I often complain about supermarkets and the whole soulless business of the weekly shop, but I don’t really mean it. It’s by far the most convenient way of getting the chore done, even if it means having to put up with the idiosyncrasies of the staff.
Like the checkout sprint. Why do the people on the tills think it is some sort of race they have to win by whipping items across the scanner faster than you can pack ’em until there is a growing mound of groceries on the packing side?
And yet it can’t be an easy job. The pay is rubbish, the work is boring and on top of all that, they have to put up with customers like me who can’t pack their bags quickly enough. So sometimes I try to cheer them up.
I was in my local Morrisons yesterday queueing at the tobacco and lottery waiting to by my dream ticket. It was busy, the woman behind the counter was on her own because the other woman was off dealing with a customer complaint. She looked harassed and I took pity on her and decided to be pleasant.
‘A very good afternoon,’ I said, beaming amiably. No response.
‘I’d like five of your luckiest of lucky dips for tonight if you would be so kind.’ Still no response as she turned to walk across to the lottery till.
I thought she mustn’t have heard me properly so I called after her, ‘only your very luckiest if you please,’ and still not a flicker, just a curt ‘five pounds please’.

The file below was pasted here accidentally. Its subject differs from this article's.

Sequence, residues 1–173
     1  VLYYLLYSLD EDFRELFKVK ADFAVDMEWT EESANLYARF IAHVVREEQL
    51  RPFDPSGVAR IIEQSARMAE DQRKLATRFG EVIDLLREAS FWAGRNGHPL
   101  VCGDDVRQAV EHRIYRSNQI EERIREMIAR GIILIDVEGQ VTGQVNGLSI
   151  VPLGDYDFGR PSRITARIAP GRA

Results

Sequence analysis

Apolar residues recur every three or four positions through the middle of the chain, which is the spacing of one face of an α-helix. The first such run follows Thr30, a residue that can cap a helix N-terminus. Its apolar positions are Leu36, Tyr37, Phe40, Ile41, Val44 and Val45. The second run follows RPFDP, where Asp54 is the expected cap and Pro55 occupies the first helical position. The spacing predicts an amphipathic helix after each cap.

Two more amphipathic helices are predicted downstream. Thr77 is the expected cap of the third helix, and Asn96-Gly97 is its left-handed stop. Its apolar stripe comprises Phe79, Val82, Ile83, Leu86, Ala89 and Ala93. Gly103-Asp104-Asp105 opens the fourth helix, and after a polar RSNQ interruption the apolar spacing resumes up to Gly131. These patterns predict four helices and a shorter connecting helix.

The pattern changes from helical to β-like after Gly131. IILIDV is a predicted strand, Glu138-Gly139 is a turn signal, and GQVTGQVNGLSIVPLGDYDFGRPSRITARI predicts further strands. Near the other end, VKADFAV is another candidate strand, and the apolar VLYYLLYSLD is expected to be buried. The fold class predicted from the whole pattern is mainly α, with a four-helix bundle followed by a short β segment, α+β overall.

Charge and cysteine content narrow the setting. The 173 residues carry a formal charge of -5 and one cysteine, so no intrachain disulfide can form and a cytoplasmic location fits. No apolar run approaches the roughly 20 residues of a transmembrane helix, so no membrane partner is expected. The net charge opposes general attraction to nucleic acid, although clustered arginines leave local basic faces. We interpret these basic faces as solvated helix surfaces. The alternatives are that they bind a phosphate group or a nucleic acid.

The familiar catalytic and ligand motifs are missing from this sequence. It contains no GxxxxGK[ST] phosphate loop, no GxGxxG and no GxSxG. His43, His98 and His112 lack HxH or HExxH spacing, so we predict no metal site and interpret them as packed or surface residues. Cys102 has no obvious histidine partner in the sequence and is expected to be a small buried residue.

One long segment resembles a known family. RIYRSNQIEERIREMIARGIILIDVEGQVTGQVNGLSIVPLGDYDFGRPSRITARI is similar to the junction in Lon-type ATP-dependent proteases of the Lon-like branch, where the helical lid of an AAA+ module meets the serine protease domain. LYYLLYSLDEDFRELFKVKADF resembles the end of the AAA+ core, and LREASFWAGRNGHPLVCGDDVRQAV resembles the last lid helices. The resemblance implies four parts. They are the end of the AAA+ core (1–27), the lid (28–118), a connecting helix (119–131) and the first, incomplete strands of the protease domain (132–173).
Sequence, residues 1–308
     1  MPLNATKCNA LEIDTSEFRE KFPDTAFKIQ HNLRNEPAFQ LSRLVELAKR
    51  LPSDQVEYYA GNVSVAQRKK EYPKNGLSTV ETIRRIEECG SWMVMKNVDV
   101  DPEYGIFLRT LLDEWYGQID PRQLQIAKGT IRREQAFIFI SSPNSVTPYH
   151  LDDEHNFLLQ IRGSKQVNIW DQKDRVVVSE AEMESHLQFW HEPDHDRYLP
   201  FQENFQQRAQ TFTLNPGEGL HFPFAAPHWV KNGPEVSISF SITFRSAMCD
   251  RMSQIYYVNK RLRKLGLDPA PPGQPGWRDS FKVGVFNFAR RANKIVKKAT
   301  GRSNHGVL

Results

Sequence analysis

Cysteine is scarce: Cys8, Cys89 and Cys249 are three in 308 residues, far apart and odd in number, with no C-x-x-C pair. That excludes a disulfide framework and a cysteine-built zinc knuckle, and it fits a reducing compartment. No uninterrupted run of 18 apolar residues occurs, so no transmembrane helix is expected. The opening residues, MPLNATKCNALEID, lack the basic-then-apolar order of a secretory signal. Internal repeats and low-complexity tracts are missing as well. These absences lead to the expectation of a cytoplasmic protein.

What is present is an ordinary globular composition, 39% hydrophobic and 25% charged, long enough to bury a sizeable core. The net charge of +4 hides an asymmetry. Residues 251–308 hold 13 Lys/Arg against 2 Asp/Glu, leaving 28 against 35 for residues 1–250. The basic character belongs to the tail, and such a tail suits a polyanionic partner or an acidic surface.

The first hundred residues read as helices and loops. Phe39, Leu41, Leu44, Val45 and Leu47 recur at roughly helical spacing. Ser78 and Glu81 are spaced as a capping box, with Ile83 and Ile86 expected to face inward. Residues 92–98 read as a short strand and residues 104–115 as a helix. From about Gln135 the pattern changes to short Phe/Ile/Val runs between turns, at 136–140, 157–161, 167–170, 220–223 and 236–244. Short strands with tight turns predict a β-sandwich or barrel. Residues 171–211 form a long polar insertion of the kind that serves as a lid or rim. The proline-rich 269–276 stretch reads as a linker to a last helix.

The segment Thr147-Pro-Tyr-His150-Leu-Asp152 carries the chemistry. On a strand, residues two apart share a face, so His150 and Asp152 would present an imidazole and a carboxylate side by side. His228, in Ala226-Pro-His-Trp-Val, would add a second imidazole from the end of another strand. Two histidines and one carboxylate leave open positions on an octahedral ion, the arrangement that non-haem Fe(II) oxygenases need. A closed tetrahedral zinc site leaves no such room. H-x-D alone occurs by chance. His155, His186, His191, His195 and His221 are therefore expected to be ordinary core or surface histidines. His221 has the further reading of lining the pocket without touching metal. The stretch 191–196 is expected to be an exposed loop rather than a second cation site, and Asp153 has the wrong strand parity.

I suppose you’re wondering whether I was indeed lucky or not, but I’m afraid I don’t know, at least as far as the ticket is concerned. I always put off checking my numbers so I can enjoy the unlikely winning dream going for as long as possible.
However, I know that I’ve won the lottery of life because I haven’t as yet had to work in a supermarket.
Changing the subject though, one group of extremely unlucky people are those who volunteered to take part in I’m A Celebrity… Get Me Out Of Here which started a new series last night. I hate to admit it, but I really enjoy this show.
Taking her political message to the masses is MP Nadine Dorries and almost from the word go, she illustrated everything that is wrong with politicians.
She was one of the team of four set the task of paddling a wide canoe across a lake which they needed to achieve in 45 minutes to avoid ‘instant sanctions’.
‘I will approach this strategically,’ she confided to the camera, as we wondered what was ‘strategic’ about paddling a canoe. But then politicians like being ‘strategic’ – it’s their action substitute.
Dorries had decided that she was the ideal leader for the task, even though she had no discernible qualification in the marine department, but again politicians do like to think they can take charge of any situation that they know nothing about.
She demonstrated her political skills by sitting at the front of the canoe – facing the wrong way – and like a good politician, she shouted orders while everyone else did the work.
After a while she could be heard to ask, ‘Are we going the right way?’ Then ploughed on regardless until the whole enterprise came unstuck and the canoe sank.
A case of art imitating life?